Arnold Alois Schwarzenegger took the oath as California's 38th governor on Monday, vowing to upend the political culture and humble the special interests through decisive action that would amount to the "Miracle of Sacramento."
The audience of 7,500 invited guests, including thousands standing and watching on big-screen televisions, interrupted Schwarzenegger for applause 24 times during the course of his 12-minute inaugural speech, with the loudest ovation coming when he renewed his promise to roll back the state's car tax.
Shortly after the 45-minute ceremony on the west steps of the Capitol, the new governor delivered on that promise, issuing Executive Order 1, which repealed the $4-billion increase that had been approved by the man he replaced -- Gray Davis. It was the first of a series of rapid-fire actions meant to draw a clear contrast with a Davis administration renowned for its caution.
Schwarzenegger issued proclamations to convene a trio of special sessions of the Legislature aimed at overturning a new law that allows illegal immigrants to obtain driver's licenses, cutting workers' compensation costs and capping state spending. In the sessions, which will begin today, Schwarzenegger hopes that lawmakers will place two measures on the March ballot -- a constitutional amendment that would cap state spending and a bond issue to pay off the deficit accumulated during the last years of the Davis administration.
Schwarzenegger also issued an order suspending 85 packages of regulations still pending from the Davis administration, and called for a review of Davis' handling of all regulations.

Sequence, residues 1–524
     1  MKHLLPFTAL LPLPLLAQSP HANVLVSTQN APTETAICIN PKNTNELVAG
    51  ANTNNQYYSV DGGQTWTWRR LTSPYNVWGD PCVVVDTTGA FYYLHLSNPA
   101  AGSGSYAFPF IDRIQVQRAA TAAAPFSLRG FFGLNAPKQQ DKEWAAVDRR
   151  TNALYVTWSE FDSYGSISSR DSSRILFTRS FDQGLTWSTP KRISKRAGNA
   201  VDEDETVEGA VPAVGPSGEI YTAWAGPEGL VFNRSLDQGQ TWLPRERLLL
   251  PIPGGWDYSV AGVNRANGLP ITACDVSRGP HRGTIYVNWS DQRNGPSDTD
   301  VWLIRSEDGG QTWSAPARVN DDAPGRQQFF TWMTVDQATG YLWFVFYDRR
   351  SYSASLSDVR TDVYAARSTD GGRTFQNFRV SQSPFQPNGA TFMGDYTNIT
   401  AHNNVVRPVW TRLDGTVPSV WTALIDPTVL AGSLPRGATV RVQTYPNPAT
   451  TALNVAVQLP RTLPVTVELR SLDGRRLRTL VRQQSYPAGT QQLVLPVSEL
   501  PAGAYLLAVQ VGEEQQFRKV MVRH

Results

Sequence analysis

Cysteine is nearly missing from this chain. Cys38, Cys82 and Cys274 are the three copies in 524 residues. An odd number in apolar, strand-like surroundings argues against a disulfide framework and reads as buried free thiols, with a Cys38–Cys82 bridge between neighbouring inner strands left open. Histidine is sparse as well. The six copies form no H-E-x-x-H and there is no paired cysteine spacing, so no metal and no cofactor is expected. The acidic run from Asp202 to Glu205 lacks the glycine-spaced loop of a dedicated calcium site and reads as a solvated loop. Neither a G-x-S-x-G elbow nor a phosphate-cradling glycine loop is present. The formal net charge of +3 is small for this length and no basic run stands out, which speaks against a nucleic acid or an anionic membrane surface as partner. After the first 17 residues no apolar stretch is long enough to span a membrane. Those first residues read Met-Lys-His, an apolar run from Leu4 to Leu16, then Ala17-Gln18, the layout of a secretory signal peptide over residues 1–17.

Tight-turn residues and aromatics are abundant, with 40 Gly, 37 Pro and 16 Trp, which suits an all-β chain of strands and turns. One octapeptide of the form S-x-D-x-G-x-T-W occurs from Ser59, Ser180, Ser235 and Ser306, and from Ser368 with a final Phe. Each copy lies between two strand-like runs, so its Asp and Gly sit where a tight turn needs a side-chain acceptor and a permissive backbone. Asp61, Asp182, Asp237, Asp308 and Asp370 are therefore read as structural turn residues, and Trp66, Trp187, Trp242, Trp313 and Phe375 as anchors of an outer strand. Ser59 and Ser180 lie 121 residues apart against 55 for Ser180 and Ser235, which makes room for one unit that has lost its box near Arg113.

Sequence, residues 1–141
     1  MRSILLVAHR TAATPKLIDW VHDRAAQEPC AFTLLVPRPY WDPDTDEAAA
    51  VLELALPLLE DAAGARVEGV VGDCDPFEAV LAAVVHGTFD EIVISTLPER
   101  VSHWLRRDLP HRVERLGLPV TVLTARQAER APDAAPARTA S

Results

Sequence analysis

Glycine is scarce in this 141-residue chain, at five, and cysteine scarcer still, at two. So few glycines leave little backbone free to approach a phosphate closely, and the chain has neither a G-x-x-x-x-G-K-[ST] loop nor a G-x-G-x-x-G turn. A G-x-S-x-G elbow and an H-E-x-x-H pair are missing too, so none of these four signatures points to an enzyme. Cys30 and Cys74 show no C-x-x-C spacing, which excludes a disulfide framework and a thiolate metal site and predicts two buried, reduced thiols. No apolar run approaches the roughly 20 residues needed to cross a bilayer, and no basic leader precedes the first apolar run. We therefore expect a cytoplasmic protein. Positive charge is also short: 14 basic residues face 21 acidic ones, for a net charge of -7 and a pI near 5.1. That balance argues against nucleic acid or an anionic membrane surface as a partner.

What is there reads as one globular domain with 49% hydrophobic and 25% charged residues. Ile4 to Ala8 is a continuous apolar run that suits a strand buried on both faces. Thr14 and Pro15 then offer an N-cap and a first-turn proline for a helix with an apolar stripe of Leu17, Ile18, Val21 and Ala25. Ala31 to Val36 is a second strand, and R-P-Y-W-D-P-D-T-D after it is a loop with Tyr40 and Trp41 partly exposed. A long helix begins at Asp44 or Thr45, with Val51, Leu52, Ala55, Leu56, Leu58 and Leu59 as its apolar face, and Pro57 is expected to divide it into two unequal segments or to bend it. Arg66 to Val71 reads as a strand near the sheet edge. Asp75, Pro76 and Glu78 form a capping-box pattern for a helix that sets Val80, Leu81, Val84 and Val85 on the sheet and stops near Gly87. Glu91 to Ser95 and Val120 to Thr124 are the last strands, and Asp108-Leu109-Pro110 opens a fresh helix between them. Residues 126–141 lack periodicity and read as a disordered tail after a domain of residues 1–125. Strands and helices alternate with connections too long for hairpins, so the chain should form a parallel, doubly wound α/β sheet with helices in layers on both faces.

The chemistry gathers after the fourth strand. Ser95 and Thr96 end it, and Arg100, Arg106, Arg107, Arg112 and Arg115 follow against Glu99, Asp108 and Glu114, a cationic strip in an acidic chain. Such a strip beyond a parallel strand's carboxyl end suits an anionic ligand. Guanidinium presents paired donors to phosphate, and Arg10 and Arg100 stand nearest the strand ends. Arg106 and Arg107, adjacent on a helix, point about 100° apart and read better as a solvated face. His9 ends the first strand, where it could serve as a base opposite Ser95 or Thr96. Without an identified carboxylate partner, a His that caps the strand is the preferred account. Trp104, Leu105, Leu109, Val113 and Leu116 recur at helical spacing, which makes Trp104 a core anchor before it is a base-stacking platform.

"Makeup, please," Schwarzenegger said while signing the repeal of the car tax hike in the governor's Ronald Reagan Conference Room. "Just joking. Very important to know, a friend of mine asked me before I left Los Angeles; he said, 'Are you going to miss the action in the movies?' I said, 'No, I am going to have enough action up in Sacramento.' Well this is action, not just dialogue, this is action."
Schwarzenegger took the oath of office at 11:20 a.m., his left hand on a Bible published in 1911 and held by his wife, Maria Shriver. Inaugural officials had incorrectly described the Bible as an 1811 edition that belonged to Schwarzenegger's family. It actually was an edition that the new governor had purchased shortly after immigrating to the United States.
Shoulders square, he looked steadily at California Chief Justice Ronald M. George as he recited the words that completed the transfer of power from Davis, who was forced from office in a recall campaign that attracted national attention.
After taking the oath, Schwarzenegger quickly walked to his right and shook hands with Davis, who was standing on a section of the stage reserved for Republican and Democratic legislative leaders and former governors Jerry Brown, George Deukmejian and Pete Wilson. California's only other living former governor, Ronald Reagan, has Alzheimer's disease and no longer makes public appearances.
The new governor then walked to a podium framed by flags and the California seal, where he delivered a speech in which he cast himself as an avenging populist intent on restoring government to an alienated electorate and protecting "the dream that is California."